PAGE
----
Having a selection of a surface disinfectant in front of us, we have to divide them according to the size of the area to be disinfected into: small, hard to reach (bedside table, handle) and large so called  “washable” (floors, lamps). Already at this stage we choose from completely different product groups. Alcohol-based preparations are used for small, hard to reach surfaces. This is because the properties of alcohols work perfectly well in this type of treatments. Quick time of action and drying, relatively wide cidal spectrum cause that most often these types of surfaces are used in the form of aerosol or wipes. Assuming that aerosols are formed during the treatment and procedures, it can be assumed that the patient’s immediate environment is loaded with protein substances. This is why there is a need to select preparations that provide the widest possible spectrum of action, or at least include blood-borne viruses (HIV, HBV). Due to its specificity, it is also recommended to act on Tbc (in Anglo-Saxon countries, this criterion is paramount for the division of preparations). For your convenience, I would like to remind you that the mention on the label or in the product leaflet of the effect on one of the listed species of mycobacteria is a reliable proof of such effect: M. tuberculosis or M. avium or M. terrae. For the time being, such information, which may serve as an indication to the user of the performance of the preparation under protein load conditions, is the presentation by the manufacturer of tests or a declaration that the preparation has been tested in phase 2 step 2 (simulated use conditions) and can also be used in the presence of biological contamination (this can be annotated on the packaging or there is an entry with ‘*’ or ‘z’). Biological contamination is defined as visible contamination caused by the patient’s body fluids (blood, saliva, secretions and excretions). In hospital conditions, we always strive to use the product with the shortest possible duration and the widest spectrum. Today you can already successfully find on the market preparations operating for less than 1 minute. in the full spectrum (i. e. B, Tbc, F, HIV and HBV) under protein load (phase 2, step 2).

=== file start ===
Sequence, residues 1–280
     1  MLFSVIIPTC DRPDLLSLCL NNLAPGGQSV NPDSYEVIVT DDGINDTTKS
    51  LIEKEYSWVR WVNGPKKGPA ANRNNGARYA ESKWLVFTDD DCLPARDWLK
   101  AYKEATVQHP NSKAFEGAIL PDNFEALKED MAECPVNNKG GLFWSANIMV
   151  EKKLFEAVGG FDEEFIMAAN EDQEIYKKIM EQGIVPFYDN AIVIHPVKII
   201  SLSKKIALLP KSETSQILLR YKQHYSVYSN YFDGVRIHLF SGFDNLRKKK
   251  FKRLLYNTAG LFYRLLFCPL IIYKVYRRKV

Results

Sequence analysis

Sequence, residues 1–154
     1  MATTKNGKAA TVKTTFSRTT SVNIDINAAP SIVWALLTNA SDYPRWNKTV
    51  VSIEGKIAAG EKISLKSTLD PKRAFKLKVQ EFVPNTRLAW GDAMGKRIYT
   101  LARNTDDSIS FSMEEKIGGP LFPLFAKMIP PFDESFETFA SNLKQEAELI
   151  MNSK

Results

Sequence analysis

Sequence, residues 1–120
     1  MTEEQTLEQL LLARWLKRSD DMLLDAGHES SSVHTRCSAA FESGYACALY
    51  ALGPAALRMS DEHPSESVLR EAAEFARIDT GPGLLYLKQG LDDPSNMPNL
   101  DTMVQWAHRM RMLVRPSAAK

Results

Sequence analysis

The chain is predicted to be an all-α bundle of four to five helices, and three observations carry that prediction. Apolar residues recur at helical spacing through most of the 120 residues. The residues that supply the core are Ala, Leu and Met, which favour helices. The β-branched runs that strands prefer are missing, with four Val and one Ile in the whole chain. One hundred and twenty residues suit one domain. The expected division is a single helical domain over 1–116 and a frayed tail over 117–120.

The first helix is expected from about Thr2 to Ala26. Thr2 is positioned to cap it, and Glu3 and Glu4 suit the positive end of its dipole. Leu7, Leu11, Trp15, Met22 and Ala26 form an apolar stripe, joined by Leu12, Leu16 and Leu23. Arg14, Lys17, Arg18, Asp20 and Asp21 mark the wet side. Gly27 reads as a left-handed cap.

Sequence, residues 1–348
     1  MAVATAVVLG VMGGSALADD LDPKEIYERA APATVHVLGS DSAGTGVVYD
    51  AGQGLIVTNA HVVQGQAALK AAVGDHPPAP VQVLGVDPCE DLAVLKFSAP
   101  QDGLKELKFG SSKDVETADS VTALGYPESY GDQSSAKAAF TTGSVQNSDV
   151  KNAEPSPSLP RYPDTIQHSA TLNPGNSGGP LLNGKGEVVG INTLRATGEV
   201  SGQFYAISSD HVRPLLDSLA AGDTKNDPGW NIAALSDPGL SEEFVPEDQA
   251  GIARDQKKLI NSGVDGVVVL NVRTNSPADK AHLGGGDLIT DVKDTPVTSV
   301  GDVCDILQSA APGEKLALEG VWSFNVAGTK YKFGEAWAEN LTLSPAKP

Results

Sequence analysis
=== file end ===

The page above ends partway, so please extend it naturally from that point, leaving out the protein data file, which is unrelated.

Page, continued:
Despite the widespread use of alcohol-based products, there is a risk of material intolerance, e. g. with armchair upholstery or other materials used to make a dental unit. It is also worth noting that most of the lamps are made of acrylic glass, which becomes dull after a long period of use.

In the case of chemicals used for large area disinfection, the range of chemicals and their groups is much more extensive. Halogens are used here because of their wide spectrum of action and their ability to be used in the presence of biological contamination. They are inexpensive and effective, but the reduction is due to the nuisance of smell when used in the presence of patients and high toxicity. Currently, the broadest group of products are amines and their derivatives. Their relatively low cost, good cleaning properties, wide spectrum and low nuisance make them very popular.

Regardless of the group of chemical compounds used in the disinfection preparations, it is important that it reaches a minimum of the spectrum or B,F in no more than 15 minutes.

Of course, a shorter action time is welcome, especially in the case of aerosol formulations. A common mistake is a misinterpretation of the operating spectrum assigned to different concentrations and exposure times.

Necessary equipment and rules for surface disinfection

It is important to mention here that when using washing and disinfecting preparations, to perform the washing and cleaning process properly you should use double bucket carts and start washing from the farthest and dirtiest parts of the room heading to the exit. Change the mop after each room. If the floor is dirty by blood, secretions or excretions, the dirty place should be flooded (sprinkled in the case of powder) or applied with gauze or lignin soaked in the disinfectant and wait 15 minutes. After this time, you can proceed with further cleaning and disinfection of the floor.

In conclusion, it is worth noting once again that in the case of disinfection processes carried out by the cleaning company’s staff, it is the employer – the cleaning company is responsible both for patients and medical staff, but also to its own employees performing the cleaning service

Other from: Disinfection

Zaloguj się do Strefy Wiedzy. Uzyskaj darmowy dostęp.
Unia europejska